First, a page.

Wintrow heaved a heavy sigh. “The pirate suffers from a fever that comes and goes. Each time it overpowers him, Kennit emerges from it weaker. The source is obviously the infection in his leg stump. Any animal bite is a dirty wound, but the sea serpent's bite seems unusually poisoned. The festering part must be cut away, and the sooner the better. He is too weak for such a surgery, but I see little prospect that he will grow stronger. So I tell myself I must act swiftly. I also know it is unlikely he will survive my cutting. If he dies, so must my father and I. That was the bargain I struck with him. ” He paused, and then went on, “I would die. That is not truly the worst outcome. The worst is that you must continue alone, a slave of these pirates. ”

  He did not look at her but gazed out over the constantly moving waves as he added, “So you see why I have come to you. You have more right to a say in this than I do. I did not fully consider that when I struck my deal with Kennit. I wagered my death and my father's. In doing so, I unintentionally wagered your life as well. It was not mine to bet. You have, I believe, a great deal more to lose than I. ”

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  Vivacia nodded, but her own thought slid past Wintrow's and into one of her own. “He is not what I expected a pirate to be. Captain Kennit, I mean. ” Thoughtfully she added, “A slave, you just said. But I do not think he considers me his slave. ”

  “Kennit is not what I thought a pirate would be, either. But despite his charm and intelligence, we must remember that he is one. Moreover, we must recall that if I fail, he will not be the one to command you. He would be dead. There is no telling who would then possess you. It might be Sorcor, his first mate. It might be Etta, his woman. Or perhaps Sa'Adar would once more attempt to claim you for himself and the freed slaves. ” Wintrow shook his head. “I cannot win. If the operation is successful, I must watch Kennit take you from me. Already he flatters and charms you with his words, and his crew works your decks. I have little say in anything that happens aboard you anymore. Whether Kennit lives or dies, I will soon have no power to protect you. ”

  Vivacia shrugged one wizardwood shoulder. “And you did before?” she asked, somewhat coldly.

  “I suppose not. ” The boy's voice was apologetic. “Yet, I had some idea of what to expect. Too much has happened too fast, to both of us. There has been too much death, and too many changes. I have had no time to mourn, no time to meditate. I scarce know who or what I am anymore. ”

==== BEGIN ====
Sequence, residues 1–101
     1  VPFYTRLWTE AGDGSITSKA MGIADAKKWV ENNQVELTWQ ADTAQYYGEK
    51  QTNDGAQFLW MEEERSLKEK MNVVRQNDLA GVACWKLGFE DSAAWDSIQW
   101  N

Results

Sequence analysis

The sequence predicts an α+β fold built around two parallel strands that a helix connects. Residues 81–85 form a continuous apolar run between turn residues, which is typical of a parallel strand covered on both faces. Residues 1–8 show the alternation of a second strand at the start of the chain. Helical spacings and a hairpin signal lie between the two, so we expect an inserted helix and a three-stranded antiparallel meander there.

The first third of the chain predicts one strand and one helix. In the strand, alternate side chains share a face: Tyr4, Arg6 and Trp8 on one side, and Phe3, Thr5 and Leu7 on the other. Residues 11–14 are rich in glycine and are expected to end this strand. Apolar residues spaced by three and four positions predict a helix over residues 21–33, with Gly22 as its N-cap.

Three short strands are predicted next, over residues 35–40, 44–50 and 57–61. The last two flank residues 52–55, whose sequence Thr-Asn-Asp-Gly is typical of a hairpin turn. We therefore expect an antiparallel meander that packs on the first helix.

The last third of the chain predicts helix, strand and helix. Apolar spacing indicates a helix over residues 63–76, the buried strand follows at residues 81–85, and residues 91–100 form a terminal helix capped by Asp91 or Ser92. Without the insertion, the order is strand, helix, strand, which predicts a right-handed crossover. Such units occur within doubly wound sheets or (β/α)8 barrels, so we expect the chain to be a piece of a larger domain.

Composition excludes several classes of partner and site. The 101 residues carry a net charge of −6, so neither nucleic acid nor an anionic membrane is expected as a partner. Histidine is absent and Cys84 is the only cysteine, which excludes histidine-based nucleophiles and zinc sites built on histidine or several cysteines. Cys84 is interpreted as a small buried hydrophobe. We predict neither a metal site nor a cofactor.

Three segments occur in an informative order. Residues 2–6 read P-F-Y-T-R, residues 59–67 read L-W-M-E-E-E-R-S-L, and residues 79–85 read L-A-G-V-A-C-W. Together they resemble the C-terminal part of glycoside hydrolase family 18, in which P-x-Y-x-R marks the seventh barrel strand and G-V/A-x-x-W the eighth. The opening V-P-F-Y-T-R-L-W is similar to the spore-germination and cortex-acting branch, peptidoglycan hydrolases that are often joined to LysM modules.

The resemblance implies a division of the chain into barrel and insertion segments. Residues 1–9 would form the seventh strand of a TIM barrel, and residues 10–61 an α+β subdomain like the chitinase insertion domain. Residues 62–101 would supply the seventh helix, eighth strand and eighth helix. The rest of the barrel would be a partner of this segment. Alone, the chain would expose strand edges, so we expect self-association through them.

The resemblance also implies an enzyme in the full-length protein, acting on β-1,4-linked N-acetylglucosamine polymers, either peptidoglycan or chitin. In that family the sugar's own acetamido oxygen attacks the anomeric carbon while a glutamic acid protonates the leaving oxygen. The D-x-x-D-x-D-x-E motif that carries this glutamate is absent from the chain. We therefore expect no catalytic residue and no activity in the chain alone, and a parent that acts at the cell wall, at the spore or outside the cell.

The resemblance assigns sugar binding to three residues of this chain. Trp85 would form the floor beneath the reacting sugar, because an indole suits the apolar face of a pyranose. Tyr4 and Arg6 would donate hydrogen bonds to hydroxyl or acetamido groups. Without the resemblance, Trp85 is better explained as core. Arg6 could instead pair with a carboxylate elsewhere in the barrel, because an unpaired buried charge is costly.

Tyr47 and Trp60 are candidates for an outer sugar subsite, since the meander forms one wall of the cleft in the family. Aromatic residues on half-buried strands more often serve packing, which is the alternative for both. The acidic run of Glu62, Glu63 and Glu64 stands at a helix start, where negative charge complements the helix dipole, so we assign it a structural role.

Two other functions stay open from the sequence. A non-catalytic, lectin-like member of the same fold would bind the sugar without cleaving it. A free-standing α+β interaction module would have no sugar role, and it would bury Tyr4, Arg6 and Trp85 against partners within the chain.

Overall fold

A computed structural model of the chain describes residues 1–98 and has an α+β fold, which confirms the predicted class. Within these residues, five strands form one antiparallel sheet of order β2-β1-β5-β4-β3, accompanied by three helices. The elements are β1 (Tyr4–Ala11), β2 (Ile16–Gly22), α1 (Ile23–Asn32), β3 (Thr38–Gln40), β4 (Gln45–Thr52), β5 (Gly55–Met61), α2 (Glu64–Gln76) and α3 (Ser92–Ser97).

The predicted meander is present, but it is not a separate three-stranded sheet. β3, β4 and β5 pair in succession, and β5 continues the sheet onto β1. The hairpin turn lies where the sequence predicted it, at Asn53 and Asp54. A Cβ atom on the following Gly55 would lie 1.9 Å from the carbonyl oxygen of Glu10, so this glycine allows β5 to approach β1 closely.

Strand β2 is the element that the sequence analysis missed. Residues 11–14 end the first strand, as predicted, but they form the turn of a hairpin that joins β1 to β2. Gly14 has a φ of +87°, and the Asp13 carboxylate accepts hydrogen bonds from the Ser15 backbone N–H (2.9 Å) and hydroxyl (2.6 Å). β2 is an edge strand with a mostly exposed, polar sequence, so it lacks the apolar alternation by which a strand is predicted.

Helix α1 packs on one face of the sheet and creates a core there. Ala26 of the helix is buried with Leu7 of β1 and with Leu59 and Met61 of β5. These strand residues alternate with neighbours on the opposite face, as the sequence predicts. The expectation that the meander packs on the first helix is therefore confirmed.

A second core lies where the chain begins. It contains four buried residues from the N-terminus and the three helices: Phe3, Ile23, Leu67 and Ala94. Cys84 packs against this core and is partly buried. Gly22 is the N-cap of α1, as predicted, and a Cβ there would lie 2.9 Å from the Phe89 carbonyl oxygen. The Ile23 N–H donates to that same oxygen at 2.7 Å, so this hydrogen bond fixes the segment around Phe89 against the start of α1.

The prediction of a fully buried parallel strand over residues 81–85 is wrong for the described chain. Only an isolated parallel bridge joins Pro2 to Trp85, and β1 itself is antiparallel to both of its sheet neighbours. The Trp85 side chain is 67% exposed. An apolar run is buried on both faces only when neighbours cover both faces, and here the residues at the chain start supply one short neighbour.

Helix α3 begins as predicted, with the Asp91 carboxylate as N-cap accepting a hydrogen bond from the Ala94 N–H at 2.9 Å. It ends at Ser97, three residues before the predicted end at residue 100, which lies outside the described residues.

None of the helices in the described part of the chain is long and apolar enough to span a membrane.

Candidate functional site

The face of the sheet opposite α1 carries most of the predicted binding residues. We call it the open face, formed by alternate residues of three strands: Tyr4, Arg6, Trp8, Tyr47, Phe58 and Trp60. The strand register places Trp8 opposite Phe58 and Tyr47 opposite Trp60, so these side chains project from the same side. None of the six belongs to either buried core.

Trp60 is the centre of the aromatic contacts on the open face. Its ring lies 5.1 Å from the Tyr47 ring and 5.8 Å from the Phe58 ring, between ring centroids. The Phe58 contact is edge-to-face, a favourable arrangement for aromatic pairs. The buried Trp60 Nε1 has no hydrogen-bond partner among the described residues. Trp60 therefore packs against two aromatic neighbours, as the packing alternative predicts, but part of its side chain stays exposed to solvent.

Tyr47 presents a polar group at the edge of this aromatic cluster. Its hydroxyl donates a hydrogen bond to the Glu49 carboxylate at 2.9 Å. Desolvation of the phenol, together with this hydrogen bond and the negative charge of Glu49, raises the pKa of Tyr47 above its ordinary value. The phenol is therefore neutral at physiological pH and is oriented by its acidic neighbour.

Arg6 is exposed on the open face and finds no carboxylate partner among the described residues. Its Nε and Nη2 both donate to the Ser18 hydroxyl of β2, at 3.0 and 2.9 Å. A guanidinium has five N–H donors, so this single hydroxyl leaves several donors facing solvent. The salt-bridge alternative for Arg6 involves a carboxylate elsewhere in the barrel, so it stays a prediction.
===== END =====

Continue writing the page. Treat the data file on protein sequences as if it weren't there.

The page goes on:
They both fell silent, considering.

  WINTROW FELT ADRIFT IN TIME. HIS LIFE, HIS REAL LIFE, WAS FAR AWAY, IN a peaceful monastery in a warm valley rich with orchards and fields. If he could step across the intervening days and distance, if he could wake up in his narrow bed in his cool cell, he was sure he could pick up the threads of that life. He hadn't changed, he insisted to himself. Not really. So he was missing a finger. He had learned to cope with that. And the slave tattoo on his face went no deeper than his skin. He had never truly been a slave; the tattoo had only been his father's cruel revenge for his attempt at escaping. He was still Wintrow. In a few quiet days, he could rediscover the peaceful priest inside him.

  But not here. The recent swiftly shifting events in his life had left him with so many strong emotions, he could scarcely feel at all. Vivacia's feelings were as jumbled as his own, for her recent experiences had been as brutal. Kyle Haven had forced the young liveship into service as a slaver, prey to all the dark emotions of her miserable cargo. Wintrow, a blood member of her founding family, had not been able to comfort her. His own involuntary servitude on the ship had soured what should have been a natural bond between them. His alienation from her had only increased Vivacia's misery. Yet still they had hobbled along, like slaves shackled together.

  In one stormy, bloody night, the slaves' uprising had freed her of Kyle Haven's captaincy and her role as a slaver. Of the original crew, Wintrow and his father were the sole survivors. As dawn lightened the sky, the crippled ship was overtaken by pirates. Captain Kennit and his crew had claimed Vivacia as a prize without striking a single blow. Then it was that Wintrow had struck his bargain with Kennit: he would try to save the pirate's life if Kennit would allow him and his father to live. Sa'Adar, a priest among the slaves and the leader of the uprising, had other ambitions. He wished not only to stand in judgment on Wintrow's father, Kyle, but also to demand Kennit turn the Vivacia over to the slaves as their rightful prize. No matter who prevailed, the future was uncertain for both Wintrow and the ship. Yet, the ship already seemed to favor the pirate.